Aaron was the first person with a significant disability in the state of OH. to get the subsidy. It took many meetings, and finding loopholes in the fine print. Up until Aaron got the subsidy, there were issues of two non-related people living in the same home (thanks gay rights advocates) and the fact that there was a caregiver staying in the house (thanks senior and elder care advocates).
We were told parents could own the house because there was such discrimination against people with disabilities and housing shortages. But, we were also warned that this could get tricky. Not sure where it stands in 2011. Also, initially we were told that if there were 2 people with disabilities in the house and a full time caregiver, they could apply for 3 bedrooms. Since I wasn’t able to work for pay most of my life, we were grateful Resident Home was willing to buy the house.
Safety Issues–Staff Room
A bedroom with a door that locks was considered a safety issue since there have been caregivers (mostly women-some quite elderly) who are watching men (some of whom have abuse and labels of mental illness). Imagine, a woman sleeping on the living room couch with no where to go if one of the men got aggressive. Though rare, there have been some instances of abuse.
HUD Rent Formula
According to the HUD funding formula, Aaron and his housemate spend up to 1/3 of their income on rent and according to a formula (which only God could understand) HUD picks up the rest. The formula considers if it is a distressed neighborhood, county (urban, rural) whether there is a washer/dryer, stove… in the house.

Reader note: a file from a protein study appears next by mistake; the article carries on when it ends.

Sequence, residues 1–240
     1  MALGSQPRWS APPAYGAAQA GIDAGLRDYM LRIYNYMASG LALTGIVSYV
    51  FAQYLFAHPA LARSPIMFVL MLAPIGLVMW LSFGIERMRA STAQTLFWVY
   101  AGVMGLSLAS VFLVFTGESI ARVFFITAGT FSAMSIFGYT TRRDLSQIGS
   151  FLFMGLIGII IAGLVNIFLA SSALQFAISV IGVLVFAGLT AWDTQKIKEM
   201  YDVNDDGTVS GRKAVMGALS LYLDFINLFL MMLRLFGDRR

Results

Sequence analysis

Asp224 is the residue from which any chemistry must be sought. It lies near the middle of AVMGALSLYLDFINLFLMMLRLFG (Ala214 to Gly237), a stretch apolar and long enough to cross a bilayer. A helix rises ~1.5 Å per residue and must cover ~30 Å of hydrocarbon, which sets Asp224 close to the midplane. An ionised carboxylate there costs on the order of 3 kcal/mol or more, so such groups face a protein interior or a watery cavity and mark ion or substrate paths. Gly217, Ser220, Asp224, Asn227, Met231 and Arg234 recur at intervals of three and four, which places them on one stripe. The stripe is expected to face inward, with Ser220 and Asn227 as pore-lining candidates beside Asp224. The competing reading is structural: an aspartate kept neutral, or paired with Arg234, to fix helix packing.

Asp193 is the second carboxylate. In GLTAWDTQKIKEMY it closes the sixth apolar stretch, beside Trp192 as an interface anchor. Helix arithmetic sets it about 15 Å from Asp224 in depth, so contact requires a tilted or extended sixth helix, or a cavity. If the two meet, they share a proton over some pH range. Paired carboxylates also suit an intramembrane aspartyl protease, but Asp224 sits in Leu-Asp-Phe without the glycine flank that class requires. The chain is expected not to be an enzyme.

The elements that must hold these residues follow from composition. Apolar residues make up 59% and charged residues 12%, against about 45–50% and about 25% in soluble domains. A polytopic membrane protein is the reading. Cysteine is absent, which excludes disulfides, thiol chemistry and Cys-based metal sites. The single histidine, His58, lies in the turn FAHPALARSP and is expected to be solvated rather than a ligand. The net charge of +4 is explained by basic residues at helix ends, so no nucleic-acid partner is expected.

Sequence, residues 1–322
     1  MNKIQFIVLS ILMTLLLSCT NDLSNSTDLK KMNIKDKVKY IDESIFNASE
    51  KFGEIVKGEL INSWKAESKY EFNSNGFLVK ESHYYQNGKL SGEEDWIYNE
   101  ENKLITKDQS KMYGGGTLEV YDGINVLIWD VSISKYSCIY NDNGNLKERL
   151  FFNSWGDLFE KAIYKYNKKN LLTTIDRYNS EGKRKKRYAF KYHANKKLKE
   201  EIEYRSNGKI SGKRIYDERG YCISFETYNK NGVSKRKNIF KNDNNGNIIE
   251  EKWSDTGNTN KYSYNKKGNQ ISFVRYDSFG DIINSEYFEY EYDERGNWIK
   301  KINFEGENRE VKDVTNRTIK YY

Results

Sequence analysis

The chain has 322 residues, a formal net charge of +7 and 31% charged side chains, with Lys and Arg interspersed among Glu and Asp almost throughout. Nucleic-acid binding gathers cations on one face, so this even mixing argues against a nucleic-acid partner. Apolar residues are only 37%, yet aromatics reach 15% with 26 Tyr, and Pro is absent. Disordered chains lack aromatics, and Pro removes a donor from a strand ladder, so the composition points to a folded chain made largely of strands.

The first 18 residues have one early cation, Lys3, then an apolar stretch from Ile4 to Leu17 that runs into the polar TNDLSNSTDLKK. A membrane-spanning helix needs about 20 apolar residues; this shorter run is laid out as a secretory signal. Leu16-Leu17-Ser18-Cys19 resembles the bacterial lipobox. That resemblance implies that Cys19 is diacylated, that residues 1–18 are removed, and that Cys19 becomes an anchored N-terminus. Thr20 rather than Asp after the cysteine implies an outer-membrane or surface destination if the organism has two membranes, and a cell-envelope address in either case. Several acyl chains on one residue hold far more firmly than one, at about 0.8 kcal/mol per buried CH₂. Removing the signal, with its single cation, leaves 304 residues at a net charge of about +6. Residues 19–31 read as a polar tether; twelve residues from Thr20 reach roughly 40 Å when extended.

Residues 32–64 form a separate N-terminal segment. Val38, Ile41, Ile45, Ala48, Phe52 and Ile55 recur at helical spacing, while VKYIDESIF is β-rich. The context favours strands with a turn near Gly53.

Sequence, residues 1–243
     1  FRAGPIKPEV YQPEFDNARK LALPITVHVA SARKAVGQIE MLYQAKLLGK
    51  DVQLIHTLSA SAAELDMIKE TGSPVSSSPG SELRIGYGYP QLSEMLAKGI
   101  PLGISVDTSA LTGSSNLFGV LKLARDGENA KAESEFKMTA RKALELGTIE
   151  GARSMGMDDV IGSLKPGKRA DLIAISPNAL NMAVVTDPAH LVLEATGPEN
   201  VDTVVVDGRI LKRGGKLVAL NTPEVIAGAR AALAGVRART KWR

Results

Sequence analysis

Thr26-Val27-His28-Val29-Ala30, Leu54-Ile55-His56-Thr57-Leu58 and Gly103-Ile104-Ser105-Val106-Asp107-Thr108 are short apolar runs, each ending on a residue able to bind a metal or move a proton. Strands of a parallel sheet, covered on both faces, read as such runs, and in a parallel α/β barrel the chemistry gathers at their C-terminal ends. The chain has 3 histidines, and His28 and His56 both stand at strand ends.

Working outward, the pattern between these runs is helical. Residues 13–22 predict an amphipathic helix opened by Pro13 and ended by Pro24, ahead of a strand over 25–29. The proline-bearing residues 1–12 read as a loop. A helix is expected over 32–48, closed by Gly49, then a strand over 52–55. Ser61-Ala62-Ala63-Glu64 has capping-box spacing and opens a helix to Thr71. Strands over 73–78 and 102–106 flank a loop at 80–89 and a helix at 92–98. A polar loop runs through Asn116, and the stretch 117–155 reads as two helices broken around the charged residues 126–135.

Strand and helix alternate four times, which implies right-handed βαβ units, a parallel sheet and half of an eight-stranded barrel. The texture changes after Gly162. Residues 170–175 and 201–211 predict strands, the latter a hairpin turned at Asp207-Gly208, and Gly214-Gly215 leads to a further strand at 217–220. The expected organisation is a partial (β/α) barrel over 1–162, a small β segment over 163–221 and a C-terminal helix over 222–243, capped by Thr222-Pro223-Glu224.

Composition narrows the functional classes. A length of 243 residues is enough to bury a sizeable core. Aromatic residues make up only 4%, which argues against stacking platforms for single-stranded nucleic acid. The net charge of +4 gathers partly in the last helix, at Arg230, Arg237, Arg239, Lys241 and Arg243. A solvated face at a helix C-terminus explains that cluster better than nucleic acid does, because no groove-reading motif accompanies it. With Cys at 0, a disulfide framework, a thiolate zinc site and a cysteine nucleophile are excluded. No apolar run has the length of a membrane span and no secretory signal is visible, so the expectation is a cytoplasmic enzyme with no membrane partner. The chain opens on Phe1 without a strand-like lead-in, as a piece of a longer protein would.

The house has to be HUD approved and meet specifications like have a front door that locks and screens on the windows….
Aaron’s portion of the rent comes from his HUD rent subsidy and his SSI.
SSI and SSDI
Social Security Income is a small monthly income given to people with disabilities. It depends on the person’s work history and employment and other factors (known only to God) but I think Aaron’s runs about $450 a month. Now, how anyone can live on $450 a month is also known only to God.
Social Security Disability Income is based on a person’s work history and other requirements. It can also be based on the parent’s eligability for SSI.
Amazingly, Aaron qualified for SSDI on his own. Which was good because as teachers, Tom and I didn’t have social security. (I think teachers now have to pay into social security, but they didn’t in the past.)
Work Study and Vocational Training
While Aaron was in Junior High and High School he participated in Work Study and summer, after-school work programs. He made a small wage plus learned great skills. He loaded pop machines, scraped gum off desks, watered flowers, cleaned windows, moved desks out of the classrooms for floor waxings, he folded towels, did laundry, picked up trash…. (He had a job coach with him.)
Because he had a disability at a young age, the number of quarters for eligibility were reduced. Every month I thank Aaron’s great high school teacher for making these jobs available. Aaron gets an extra hundred dollars (I think) a month for SSDI.
It took me 4 years to figure out how to get Aaron a Medicaid Waiver. Aaron was one of the first people to get one in the state of Ohio and the first in Butler County. Ohio did not have the waiver until many years after other states like Minnesota.
Medicaid was set up for people in nursing homes. The “Waiver” was designed so people like Aaron wouldn’t have to move into a nursing home–the money could follow them into their neighborhoods. At the time, it cost about $75,000 a year to keep Aaron in a nursing home or institution. It cost much less to be in his home community.
The Federal Government made a deal with the state of Ohio that they would pay 60% of the cost and the state would pick up 40%. Since the budget cuts, I think these formulas are changed and now the county board of developmental disabilities has to pick up most of these costs.